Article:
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New Super Cookie Persists through Private Browsing Mode

by on January 12, 2015
in Privacy, News, Computers and Software, Internet & Networking, Blog :: 0 comments

Baked chocolate chip cookies sitting on top of a laptop computerComputer cookies, those tiny little pieces of temporary data websites store on your computer or mobile device to remember your preferences and other data about you, are an important part of what makes the web operate so smoothly. Useful though they are, however, many people prefer to turn them off on a session-by-session so that websites can’t track your past steps. It’s one of the most basic moves to protect your privacy online that you can take.

In the past, enabling and disabling cookies has been easy – you simply needed to enter your favorite web browser’s privacy settings. But according to Ars Technica, a security researcher named Sam Greenhalgh has created something he’s calling  “HSTS Super Cookies.” This new type of cookie persists and continues to track your web session even if you switch your browser to incognito mode. Even more worrying, these super cookies can be read by all websites, not just the one that issued the file.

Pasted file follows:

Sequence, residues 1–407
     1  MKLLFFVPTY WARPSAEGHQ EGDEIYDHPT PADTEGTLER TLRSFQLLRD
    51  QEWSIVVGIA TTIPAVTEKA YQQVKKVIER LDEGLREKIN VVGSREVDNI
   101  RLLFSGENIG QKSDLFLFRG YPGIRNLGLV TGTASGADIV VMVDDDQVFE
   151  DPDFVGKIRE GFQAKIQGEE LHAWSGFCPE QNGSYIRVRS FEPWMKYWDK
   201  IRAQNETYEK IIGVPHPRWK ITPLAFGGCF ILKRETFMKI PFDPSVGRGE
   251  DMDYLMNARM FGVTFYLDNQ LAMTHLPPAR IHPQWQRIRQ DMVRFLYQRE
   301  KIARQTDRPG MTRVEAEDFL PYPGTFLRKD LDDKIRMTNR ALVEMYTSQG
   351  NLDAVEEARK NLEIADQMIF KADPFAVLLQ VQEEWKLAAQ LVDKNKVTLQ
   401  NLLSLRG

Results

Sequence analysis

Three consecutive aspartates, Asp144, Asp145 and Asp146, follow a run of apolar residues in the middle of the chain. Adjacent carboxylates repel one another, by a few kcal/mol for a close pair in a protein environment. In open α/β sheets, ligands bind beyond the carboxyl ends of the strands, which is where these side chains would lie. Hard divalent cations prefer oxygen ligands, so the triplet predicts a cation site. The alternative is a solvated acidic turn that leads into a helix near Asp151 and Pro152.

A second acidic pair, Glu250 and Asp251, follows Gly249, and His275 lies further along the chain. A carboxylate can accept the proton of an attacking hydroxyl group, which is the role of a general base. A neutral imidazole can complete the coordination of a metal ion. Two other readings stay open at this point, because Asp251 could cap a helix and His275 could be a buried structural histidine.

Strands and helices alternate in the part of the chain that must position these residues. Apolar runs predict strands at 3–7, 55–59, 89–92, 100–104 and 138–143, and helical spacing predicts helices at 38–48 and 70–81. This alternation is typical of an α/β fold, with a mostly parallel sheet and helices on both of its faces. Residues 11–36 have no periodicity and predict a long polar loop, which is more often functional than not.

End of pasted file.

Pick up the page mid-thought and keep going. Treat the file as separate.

The Super Cookie is still just a concept – there’s no evidence that websites have put the hardy temporary files to work for malicious purposes. Thankfully though, at least one browser has taken action to protect your privacy against the potential threat. The latest build of Mozilla Firefox (Techlicious’s pick for the best web browser) doesn’t allow super cookies set in regular mode to stick around when you switch over to private browsing. Microsoft’s Internet Explorer isn’t vulnerable either, Ars Technica explains, but that’s simply because the browser lacks the technical capability to support them.

If you’re using Chrome or Apple’s Safari browser, however, you’re at risk. We recommend you download and use Firefox (for reasons that go well beyond this super cookie issue). But if you want to continue using your existing browser, be sure to delete all your cookies when switching between private and standard browsing modes. Existing super cookies on your computer can be read and tracked while you’re in privacy mode, but so long as you’re not using the mobile version of Safari, no new super cookies can be issued when browsing incognito.

To learn more about these new super cookies, visit the Ars Technica website.

[Computer cookies via Shutterstock]



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